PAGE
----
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Posts Tagged ‘vulnerability’


In his chapter on Local Knowledge in The Imperfect Pastor, Zack Eswine uses the unusual phrase “the gospel waltz”. He is talking about theological culture of your congregation before they got there. This could be when you arrive to a new congregation, but it is also seen when a new person shows up. I found his concept helpful, even if the phrase didn’t quite connect.

The waltz speaks of “three movements in gospel life:

  • confessing our mess (sinning and being sinned against),

  • receiving Christ’s love (turning to Jesus as forgiven and dearly loved children),

  • walking his paths (conforming our lives to obediently following Jesus).

Eswine notes that individuals, and congregations, can miss steps. As a result their whole theological perspective is warped. One of the results is that they avoid talk about the movement they have not embraced. He notes that congregations have various two-step emphases. Conflict revolves around the third. This helps shape the pastor’s teaching and personal ministry.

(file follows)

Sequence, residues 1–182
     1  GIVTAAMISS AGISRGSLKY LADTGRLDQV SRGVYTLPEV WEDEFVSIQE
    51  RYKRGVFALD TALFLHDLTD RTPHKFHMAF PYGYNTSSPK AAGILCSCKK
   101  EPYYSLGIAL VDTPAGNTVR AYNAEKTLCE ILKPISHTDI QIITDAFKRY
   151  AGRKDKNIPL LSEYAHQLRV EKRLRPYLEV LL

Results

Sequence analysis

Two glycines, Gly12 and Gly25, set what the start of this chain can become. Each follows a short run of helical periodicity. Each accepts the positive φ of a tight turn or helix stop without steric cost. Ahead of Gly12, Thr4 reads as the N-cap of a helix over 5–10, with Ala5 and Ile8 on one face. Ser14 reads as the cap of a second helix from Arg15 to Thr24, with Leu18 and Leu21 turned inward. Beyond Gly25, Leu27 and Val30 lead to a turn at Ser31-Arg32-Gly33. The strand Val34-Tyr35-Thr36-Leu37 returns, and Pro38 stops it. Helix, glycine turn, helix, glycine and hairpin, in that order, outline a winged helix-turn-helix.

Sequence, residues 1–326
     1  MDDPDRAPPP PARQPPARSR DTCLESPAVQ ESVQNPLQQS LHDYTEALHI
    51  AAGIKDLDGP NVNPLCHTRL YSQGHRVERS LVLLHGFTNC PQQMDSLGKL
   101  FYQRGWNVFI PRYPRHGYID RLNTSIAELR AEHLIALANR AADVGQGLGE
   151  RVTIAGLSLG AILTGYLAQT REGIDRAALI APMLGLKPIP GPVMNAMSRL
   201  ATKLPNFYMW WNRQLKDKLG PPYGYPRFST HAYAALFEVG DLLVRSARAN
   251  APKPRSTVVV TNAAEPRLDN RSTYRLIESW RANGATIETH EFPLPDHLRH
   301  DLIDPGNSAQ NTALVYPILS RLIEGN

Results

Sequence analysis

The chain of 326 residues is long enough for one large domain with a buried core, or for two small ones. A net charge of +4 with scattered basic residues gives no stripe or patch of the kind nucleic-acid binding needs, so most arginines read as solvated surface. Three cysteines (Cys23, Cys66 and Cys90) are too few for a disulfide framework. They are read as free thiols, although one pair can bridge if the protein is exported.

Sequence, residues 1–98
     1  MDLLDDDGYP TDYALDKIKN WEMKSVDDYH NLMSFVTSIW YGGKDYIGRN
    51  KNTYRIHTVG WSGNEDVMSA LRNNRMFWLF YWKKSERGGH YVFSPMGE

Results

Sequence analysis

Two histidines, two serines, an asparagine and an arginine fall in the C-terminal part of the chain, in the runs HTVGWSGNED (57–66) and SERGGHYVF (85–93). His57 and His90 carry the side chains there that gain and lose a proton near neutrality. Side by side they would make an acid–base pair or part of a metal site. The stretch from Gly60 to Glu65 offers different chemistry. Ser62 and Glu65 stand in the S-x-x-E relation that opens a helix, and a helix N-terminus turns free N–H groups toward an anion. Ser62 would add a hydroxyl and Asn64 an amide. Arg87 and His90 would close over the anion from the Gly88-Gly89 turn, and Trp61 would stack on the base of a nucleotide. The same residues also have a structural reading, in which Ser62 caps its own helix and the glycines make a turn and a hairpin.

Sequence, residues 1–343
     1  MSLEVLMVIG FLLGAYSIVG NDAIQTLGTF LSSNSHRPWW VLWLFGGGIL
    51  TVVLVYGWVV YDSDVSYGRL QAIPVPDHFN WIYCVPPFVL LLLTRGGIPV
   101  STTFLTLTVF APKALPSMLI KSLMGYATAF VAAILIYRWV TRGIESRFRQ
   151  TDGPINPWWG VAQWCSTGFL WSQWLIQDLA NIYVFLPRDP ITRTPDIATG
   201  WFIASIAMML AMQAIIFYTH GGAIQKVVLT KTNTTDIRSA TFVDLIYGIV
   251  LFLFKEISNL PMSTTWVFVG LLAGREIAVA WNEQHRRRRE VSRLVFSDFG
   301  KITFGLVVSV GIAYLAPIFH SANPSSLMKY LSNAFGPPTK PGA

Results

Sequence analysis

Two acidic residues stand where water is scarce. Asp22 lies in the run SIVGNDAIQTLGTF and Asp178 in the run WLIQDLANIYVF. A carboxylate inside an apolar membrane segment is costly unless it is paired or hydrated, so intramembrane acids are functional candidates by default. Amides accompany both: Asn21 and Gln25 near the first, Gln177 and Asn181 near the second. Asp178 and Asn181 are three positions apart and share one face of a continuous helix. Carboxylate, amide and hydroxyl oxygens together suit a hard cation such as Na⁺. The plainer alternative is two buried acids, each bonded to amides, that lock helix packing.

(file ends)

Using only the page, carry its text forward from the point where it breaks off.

• Some are trying to confess and walk without receiving. These folks work hard. They frown on grace, joy and rest. When you talk of grace, they get concerned about you.

  • Some are trying to receive and walk without confessing. These folks stay strong. They frown on appearing needy for forgiveness or imperfect. So when you talk about humility, sharing burdens, feeling emotions, and not trying to keep up appearances, they get concerned about you.

  • Some are trying to confess and receive without walking. These folks want to relax. They frown on obedience. When you talk about the change in direction that Jesus’ grace makes upon our actions and way of life, they get concerned about you.

Their concerns are well worth noting. This gives direction to pastoral ministry. It may not necessarily make it easier. Note the sanctification debate in Reformed circles a few years ago. The “grace guys” were leaving out the 3rd movement (in my opinion). They were reacting against those who left out the first movement. Leaving out either of these three movements leaves your Christian, or gospel, life unbalanced, distorted and less fruitful than it should be.